Comparing Money Amounts

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With our Comparing Money Amounts lesson plan, students will learn about the different values of coins and bills, and how to compare different amounts of money.

Included with this lesson are some adjustments or additions that you can make if you’d like, found in the “Options for Lesson” section of the Classroom Procedure page. One of the optional additions to this lesson is to have your students use objects in the classroom with values and compare their amounts.

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Description

What our Comparing Money Amounts lesson plan includes

Lesson Objectives and Overview: Comparing Money Amounts teaches students how to compare and understand different money amounts. At the end of the lesson, students will be able to compare money amounts using inequality symbols. This lesson is for students in 1st grade and 2nd grade.

Classroom Procedure

Every lesson plan provides you with a classroom procedure page that outlines a step-by-step guide to follow. You do not have to follow the guide exactly. The guide helps you organize the lesson and details when to hand out worksheets. It also lists information in the blue box that you might find useful. You will find the lesson objectives, state standards, and number of class sessions the lesson should take to complete in this area. In addition, it describes the supplies you will need as well as what and how you need to prepare beforehand.

Options for Lesson

Included with this lesson is an “Options for Lesson” section that lists a number of suggestions for activities to add to the lesson or substitutions for the ones already in the lesson. One optional addition to this lesson is to have your students use objects in the classroom with values and compare their amounts. You could also have students compare amounts of items that they find online at different stores such that each store may have a different price for the same product. Finally, you can discuss comparing prices in a real world context such as looking at different hotel rooms or video game costs and why that is important.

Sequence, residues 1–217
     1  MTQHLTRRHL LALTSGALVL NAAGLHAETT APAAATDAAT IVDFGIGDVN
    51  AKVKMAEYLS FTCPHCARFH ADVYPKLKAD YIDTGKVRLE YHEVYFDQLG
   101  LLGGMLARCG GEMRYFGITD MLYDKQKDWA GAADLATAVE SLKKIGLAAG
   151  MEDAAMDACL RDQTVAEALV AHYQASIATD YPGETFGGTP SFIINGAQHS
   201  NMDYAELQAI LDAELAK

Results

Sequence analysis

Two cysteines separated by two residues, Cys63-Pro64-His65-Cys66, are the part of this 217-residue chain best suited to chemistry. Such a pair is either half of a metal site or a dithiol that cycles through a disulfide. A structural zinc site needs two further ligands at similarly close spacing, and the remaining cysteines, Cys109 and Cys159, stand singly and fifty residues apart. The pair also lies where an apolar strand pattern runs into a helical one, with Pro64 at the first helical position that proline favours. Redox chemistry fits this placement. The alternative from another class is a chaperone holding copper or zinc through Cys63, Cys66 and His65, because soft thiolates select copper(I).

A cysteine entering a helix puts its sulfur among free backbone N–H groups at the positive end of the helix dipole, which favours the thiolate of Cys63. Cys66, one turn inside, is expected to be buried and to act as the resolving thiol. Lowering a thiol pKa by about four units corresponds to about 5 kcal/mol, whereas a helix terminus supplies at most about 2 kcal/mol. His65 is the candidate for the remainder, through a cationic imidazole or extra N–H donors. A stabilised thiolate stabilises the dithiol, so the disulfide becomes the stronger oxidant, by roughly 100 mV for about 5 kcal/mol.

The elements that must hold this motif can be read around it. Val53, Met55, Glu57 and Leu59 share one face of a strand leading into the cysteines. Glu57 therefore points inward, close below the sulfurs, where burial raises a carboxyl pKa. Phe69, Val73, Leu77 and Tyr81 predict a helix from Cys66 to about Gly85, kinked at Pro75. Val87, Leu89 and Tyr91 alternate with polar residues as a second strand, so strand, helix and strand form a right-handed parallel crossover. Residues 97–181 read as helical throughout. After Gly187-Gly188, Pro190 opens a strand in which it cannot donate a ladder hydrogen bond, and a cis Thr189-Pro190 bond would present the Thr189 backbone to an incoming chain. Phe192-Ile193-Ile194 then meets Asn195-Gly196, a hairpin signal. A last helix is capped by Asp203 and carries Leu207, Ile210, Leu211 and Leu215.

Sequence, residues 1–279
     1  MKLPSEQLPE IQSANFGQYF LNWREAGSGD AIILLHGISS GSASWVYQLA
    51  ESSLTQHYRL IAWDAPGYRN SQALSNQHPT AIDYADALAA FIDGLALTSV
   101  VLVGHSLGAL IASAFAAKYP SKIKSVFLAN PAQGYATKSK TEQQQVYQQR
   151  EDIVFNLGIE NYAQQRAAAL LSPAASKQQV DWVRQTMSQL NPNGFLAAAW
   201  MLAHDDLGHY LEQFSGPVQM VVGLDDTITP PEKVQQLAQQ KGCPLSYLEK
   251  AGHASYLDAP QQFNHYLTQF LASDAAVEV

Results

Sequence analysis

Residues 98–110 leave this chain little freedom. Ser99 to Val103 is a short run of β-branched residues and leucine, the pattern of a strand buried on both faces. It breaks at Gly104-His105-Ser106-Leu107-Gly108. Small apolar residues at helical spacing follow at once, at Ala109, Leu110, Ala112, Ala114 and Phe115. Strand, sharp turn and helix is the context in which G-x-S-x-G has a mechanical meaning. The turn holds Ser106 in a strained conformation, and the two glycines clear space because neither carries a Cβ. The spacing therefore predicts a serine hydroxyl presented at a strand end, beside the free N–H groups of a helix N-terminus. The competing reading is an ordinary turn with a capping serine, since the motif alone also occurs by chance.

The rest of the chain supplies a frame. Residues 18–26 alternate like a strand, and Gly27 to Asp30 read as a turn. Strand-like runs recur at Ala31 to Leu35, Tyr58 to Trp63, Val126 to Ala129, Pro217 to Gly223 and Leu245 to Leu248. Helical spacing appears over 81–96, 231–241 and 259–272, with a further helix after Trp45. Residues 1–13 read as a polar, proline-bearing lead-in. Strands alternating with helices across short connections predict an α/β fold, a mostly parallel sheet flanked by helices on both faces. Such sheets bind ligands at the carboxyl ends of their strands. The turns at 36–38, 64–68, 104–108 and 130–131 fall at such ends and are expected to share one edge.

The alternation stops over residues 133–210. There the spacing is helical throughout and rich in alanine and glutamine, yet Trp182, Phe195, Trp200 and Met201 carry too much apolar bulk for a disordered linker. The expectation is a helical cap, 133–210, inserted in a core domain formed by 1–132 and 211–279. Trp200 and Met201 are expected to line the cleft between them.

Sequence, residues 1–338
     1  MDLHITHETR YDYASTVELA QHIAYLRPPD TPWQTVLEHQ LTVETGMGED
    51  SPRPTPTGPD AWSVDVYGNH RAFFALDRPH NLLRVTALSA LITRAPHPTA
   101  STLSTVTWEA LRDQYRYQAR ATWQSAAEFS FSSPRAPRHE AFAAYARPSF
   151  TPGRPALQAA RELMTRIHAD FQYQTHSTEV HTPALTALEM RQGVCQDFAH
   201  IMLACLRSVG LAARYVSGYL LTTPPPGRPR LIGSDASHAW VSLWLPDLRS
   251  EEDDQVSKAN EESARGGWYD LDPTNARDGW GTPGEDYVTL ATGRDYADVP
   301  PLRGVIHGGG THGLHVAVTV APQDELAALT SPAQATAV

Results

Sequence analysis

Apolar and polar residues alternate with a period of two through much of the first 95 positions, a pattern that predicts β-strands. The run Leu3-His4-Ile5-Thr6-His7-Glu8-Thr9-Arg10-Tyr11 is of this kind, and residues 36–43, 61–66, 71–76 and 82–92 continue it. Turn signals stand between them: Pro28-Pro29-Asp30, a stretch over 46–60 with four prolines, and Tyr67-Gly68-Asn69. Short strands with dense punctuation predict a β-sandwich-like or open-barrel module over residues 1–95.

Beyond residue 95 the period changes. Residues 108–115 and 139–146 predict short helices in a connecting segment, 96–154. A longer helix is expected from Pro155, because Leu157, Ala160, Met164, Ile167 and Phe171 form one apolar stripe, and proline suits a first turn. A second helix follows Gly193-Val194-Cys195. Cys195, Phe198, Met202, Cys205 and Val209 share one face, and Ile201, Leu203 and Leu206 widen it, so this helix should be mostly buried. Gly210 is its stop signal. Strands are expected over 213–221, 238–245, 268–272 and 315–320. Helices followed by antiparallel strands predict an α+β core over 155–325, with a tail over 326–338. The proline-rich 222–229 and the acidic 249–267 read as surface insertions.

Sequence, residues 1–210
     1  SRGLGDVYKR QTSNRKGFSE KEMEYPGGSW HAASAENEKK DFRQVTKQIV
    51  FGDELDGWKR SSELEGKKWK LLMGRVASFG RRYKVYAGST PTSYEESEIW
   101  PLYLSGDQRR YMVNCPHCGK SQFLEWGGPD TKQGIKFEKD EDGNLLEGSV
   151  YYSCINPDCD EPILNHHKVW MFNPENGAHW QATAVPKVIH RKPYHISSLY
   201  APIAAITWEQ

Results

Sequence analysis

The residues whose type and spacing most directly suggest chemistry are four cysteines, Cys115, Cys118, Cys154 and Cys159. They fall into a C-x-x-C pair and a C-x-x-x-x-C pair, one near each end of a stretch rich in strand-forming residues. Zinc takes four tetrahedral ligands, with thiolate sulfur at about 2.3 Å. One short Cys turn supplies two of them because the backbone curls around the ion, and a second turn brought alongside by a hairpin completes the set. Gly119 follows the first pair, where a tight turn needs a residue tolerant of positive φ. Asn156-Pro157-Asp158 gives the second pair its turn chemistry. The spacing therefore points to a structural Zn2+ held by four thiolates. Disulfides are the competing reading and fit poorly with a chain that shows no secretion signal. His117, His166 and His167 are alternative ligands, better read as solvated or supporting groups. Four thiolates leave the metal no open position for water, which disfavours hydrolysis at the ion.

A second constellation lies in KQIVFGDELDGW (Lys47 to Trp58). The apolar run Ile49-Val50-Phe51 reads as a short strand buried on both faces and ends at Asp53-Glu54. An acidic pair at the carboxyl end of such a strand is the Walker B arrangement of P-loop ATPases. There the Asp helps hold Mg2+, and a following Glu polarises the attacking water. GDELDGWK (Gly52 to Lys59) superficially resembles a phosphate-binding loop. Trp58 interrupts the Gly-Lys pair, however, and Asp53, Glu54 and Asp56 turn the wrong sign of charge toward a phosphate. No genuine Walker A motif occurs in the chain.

Teacher Notes

The teacher notes page includes a paragraph with additional guidelines and things to think about as you begin to plan your lesson. This page also includes lines that you can use to add your own notes as you’re preparing for this lesson.

COMPARING MONEY AMOUNTS LESSON PLAN CONTENT PAGES

Comparing Money Amounts

The Comparing Money Amounts lesson plan includes two pages of content. We use money every day to buy different things, like a candy bar or the electricity for your house. In the United States, our money has both bills and coins. Each of these bills and coins represent a different amount of money. The lesson includes a chart that shows how much each bill or coin is worth.

To compare money amounts, you need to find the total amount of money on each side using addition. You should start by counting the bills first and then the coins. After you find the sum on each side of the equation, you can compare them. We compare them using three different symbols > (greater than), < (less than), and = (equal to).

The lesson includes several examples that show pictures of bills and coins and walks students through how to add each side and compare.

COMPARING MONEY AMOUNTS LESSON PLAN WORKSHEETS

The Comparing Money Amounts lesson plan includes four worksheets: an activity worksheet, a practice worksheet, a homework assignment, and a quiz. You can refer to the guide on the classroom procedure page to determine when to hand out each worksheet.

COINS ACTIVITY WORKSHEET

For the activity worksheet, students will pull different numbers of coins out of a bag and then compare them.

ADDING PRACTICE WORKSHEET

The practice worksheet asks students to add the value of different coins and bills together and then compare them using the <, >, or = symbols.

COMPARING MONEY AMOUNTS HOMEWORK ASSIGNMENT

Like the practice worksheet, for the homework assignment, students will add the value of different coins and bills together and then compare them using the <, >, or = symbols.

QUIZ

This lesson also includes a quiz that you can use to test students’ understanding of the lesson material. For the quiz, students will look at pictures of money and write down the value of the money. They will also add the value of different coins together and then compare them using the <, >, or = symbols.

Worksheet Answer Keys

This lesson plan includes answer keys for the practice worksheet, the homework assignment, and the quiz. If you choose to administer the lesson pages to your students via PDF, you will need to save a new file that omits these pages. Otherwise, you can simply print out the applicable pages and keep these as reference for yourself when grading assignments.

Additional information

grade-level

1st Grade, 2nd Grade

subject

Math

State Educational Standards

None for Grade 1 , LB.Math.Content.2.MD.C.8

Lessons are aligned to meet the education objectives and goals of most states. For more information on your state objectives, contact your local Board of Education or Department of Education in your state.